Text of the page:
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What moves you?

Friend and yoga teacher, Laurella Fox-Pitt - one of our movement inspirations

In the words of Will Smith, it’s ‘Summer, summer, summer time!’ There’s something about the summer sun that makes me want to stretch out and soak it all up. And it seems we’re not the only ones.

We recently had the good fortune of finding a kindred spirit in Tilly Berry of The Yoga Agency when she attended one of our workshops. As keen yoga practitioners ourselves, it was heartening to see Tilly’s excitement at recognising how attune some of our underlying principles were with her own understanding of yoga. And this summer a partnership was born! In honour of its birth, I found myself reflecting on the power and mystery of movement and the significant role it plays in our work, as performers and coaches.

A day doesn’t go by when I don’t move my body. I suppose this seems like a relatively unremarkable statement - I can guarantee that for almost all of us, this is the case. Just fluttering your eyes open in the morning, reluctantly rolling over and placing your feet on the floor involves movement.

What I mean is that 24 hours don’t pass without committing to at least half an hour of a sustained, focused movement practise. Truth be told, it’s become something of an obsession for me in the last few years. Moving. My current movements of choice? Yoga, Capoeira and Pole Dance. But I’ve explored the full gamut of practices on offer over the years - from tai chi to parkour, ballroom dancing to rock climbing. I’d like to say now that I have never been physically gifted, no genetic predisposition, a favourable limb-to-torso ratio or athletic physique. Far from it in fact - I inherited my mum’s sweet tooth and the Arabic woman’s slow metabolism and ‘softer silhouette’ from my Dad’s side! I have never been termed ‘sporty’. And yet, when I think about it now and look back for clues to my current obsession, I can find traces that suggest I was always intrigued by the idea of being a skilful mover, even from those early days watching Fed Astaire and Gene Kelly on Christmas-time TV. In the absence of natural talent, it seems curiosity was enough…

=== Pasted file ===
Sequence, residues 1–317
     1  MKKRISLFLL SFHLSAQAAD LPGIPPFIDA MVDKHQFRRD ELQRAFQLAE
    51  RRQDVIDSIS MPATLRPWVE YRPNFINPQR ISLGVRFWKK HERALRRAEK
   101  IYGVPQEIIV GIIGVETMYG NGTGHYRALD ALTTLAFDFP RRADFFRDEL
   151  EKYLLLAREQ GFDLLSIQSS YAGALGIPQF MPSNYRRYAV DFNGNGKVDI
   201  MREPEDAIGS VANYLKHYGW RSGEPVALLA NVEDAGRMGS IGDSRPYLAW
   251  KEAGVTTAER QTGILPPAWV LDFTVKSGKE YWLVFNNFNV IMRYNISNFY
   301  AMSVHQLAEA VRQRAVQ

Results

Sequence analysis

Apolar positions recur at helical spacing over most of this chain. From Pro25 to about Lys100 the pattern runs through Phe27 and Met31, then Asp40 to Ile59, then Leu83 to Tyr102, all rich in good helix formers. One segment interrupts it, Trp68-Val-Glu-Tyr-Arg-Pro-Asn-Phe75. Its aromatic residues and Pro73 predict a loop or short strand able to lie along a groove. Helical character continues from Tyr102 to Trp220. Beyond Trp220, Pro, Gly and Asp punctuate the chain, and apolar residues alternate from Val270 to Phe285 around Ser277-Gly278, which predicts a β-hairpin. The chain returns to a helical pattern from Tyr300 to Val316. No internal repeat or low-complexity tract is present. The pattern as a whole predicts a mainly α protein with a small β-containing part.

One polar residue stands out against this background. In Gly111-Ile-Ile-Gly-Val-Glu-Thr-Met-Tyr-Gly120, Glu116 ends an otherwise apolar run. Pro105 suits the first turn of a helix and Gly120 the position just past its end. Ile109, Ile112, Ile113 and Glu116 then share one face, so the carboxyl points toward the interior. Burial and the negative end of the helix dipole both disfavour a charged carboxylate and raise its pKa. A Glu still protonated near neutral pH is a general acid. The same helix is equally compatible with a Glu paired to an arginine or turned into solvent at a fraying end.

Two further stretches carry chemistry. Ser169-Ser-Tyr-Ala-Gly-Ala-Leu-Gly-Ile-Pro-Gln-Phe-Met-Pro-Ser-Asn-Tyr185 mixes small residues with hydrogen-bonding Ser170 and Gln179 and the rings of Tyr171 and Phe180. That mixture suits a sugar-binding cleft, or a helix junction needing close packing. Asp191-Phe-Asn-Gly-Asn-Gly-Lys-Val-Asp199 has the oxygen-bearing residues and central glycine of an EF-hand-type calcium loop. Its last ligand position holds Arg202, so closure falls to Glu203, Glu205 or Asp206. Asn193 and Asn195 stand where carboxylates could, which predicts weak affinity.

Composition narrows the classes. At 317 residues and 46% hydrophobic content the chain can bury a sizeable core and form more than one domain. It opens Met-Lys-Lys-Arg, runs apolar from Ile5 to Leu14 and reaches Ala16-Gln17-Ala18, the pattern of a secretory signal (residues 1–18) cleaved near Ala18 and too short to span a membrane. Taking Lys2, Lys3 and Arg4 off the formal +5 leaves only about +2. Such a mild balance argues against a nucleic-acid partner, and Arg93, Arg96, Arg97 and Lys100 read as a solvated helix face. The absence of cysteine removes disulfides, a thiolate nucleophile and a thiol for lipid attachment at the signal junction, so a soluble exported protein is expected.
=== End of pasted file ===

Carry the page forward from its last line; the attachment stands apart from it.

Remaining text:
“What has this got to do with communicating?!” I hear you ask…Everything!


Let’s look at the stats. You may already be familiar with the this idea - numerous studies have been conducted, including those by Albert Mehrabian in the 60s and 70s that concluded that only 7% of communication was verbal (the words you say), with 38% being tone of voice (how you say it) and 55% body language. These statistics are frequently mis-quoted and aren’t applicable to all modes or contexts of communication, so their implications can be misleading. However, we have all been in a position where a person’s non-verbal cues (i.e their body language or expression) convey more meaning than the words they say. When you ask to have the last slice of pizza and your friend says ‘Of course!’, its clear from her body language what she’s really saying…